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Thorax. 2002 July; 57(7): 569–574.
PMCID: PMC1746373

The prevalence of aspirin intolerant asthma (AIA) in Australian asthmatic patients

Abstract

Background: Aspirin intolerant asthma (AIA) is a clinically distinct syndrome characterised by the precipitation of asthma attacks following the ingestion of aspirin and other non-steroidal anti-inflammatory drugs (NSAIDs). The prevalence of AIA among Australian asthmatic patients has not previously been reported.

Methods: Three populations were surveyed to establish the prevalence of AIA among Australian asthmatics. Two surveys were completed in patients recruited from the metropolitan area in Perth, Western Australia, one comprising 150 recruited from hospital based sources (hospital cohort) and the second comprising 366 from the membership of the Asthma Foundation of Western Australia (Asthma Foundation cohort). In a third study 1298 individuals were randomly selected from the rural community of Busselton in Western Australia.

Results: The prevalence of AIA in the hospital and Asthma Foundation cohorts was found to be 10.7% and 10.4%, respectively. Univariate analyses in the Asthma Foundation cohort indicated that AIA was associated with more severe asthma (OR = 2.4, 95% CI 1.18 to 4.86), nasal polyposis (OR=3.19, 95% CI 1.52 to 6.68), atopy (OR=2.96, 95% CI 1.48 to 5.89), sulfite sensitivity (OR=3.97, 95% CI 1.87 to 8.41), and sensitivity to wine (OR=3.27, 95% CI 1.65 to 6.47). Multivariate analyses indicated that atopy (OR=2.80, 95% CI 1.38 to 5.70), nasal polyposis (OR=3.39, 95% CI 1.57 to 7.29), and the number of asthma attacks in the previous 12 months (OR=1.20, 95% CI 1.02 to 1.42) were independent predictors for AIA, as was wine sensitivity (OR=2.20, 95% CI 1.02 to 4.72). The prevalence of AIA among asthmatic patients in the Busselton cohort was 10.9%. In addition, 2.5% of non-diagnosed asthmatics in this cohort reported asthma symptoms following aspirin ingestion.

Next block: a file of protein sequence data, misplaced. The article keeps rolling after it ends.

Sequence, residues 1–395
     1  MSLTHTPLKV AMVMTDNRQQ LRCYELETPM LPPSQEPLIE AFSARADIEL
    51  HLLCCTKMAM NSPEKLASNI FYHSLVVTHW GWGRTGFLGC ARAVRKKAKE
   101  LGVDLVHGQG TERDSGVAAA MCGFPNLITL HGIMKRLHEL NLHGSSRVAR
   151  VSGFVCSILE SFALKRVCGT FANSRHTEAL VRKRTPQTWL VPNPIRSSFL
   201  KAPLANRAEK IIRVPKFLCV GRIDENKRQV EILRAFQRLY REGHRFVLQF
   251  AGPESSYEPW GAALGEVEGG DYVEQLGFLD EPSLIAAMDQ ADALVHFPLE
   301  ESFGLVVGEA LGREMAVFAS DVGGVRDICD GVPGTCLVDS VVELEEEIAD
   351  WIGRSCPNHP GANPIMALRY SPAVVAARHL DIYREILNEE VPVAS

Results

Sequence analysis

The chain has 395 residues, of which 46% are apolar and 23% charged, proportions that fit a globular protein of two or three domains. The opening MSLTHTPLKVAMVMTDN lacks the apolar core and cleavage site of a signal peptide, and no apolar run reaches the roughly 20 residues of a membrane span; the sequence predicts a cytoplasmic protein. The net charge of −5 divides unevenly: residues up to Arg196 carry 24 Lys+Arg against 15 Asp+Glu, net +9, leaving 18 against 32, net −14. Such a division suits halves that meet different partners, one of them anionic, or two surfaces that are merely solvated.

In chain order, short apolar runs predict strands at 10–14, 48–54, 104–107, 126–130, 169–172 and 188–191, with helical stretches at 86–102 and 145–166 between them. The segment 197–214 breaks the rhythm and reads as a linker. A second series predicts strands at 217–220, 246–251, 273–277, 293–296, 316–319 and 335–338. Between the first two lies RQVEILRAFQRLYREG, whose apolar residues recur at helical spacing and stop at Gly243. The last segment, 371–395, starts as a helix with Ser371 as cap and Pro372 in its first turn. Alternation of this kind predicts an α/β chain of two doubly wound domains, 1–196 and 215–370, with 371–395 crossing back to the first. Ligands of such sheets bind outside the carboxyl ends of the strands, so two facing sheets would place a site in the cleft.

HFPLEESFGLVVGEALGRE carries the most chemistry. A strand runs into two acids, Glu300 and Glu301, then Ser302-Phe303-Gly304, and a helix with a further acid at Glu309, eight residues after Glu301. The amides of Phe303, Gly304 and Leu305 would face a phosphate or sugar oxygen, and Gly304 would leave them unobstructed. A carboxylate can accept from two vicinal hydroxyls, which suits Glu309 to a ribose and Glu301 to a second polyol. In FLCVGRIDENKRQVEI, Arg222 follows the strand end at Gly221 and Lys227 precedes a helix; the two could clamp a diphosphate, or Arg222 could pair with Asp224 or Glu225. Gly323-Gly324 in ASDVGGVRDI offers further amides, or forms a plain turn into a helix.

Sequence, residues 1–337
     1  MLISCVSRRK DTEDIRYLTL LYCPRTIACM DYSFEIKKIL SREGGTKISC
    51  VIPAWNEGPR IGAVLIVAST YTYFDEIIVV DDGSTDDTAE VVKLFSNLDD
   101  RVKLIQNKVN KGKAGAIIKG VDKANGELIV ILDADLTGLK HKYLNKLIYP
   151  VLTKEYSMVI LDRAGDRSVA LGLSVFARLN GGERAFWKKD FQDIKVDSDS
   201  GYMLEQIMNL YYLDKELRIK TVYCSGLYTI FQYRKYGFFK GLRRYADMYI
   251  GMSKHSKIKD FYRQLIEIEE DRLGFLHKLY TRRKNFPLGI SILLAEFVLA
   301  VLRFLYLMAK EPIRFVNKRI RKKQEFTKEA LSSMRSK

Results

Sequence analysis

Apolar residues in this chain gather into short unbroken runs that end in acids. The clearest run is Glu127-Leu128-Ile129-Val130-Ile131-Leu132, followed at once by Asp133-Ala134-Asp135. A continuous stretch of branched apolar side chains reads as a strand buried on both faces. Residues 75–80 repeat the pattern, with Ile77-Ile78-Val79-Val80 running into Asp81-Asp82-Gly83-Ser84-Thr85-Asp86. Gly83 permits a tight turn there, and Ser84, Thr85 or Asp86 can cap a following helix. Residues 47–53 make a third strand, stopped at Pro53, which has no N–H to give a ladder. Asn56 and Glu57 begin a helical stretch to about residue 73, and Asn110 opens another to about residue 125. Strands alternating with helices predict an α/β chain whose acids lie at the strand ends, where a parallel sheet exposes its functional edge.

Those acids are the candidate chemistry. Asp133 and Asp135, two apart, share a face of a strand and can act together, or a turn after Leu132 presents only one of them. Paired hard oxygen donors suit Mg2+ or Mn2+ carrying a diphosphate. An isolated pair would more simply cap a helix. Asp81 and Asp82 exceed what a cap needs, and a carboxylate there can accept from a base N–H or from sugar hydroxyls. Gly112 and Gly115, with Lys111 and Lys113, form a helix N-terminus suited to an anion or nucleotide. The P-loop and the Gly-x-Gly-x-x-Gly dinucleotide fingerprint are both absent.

Conclusion: The prevalence of respiratory symptoms triggered by aspirin/NSAID use was found to be 10–11% in patients with asthma and 2.5% in non-asthmatics. Aspirin sensitivity appears to be a significant problem in the community and further investigations of the mechanisms of these responses and the possible link between this syndrome and other food and chemical sensitivities are required.


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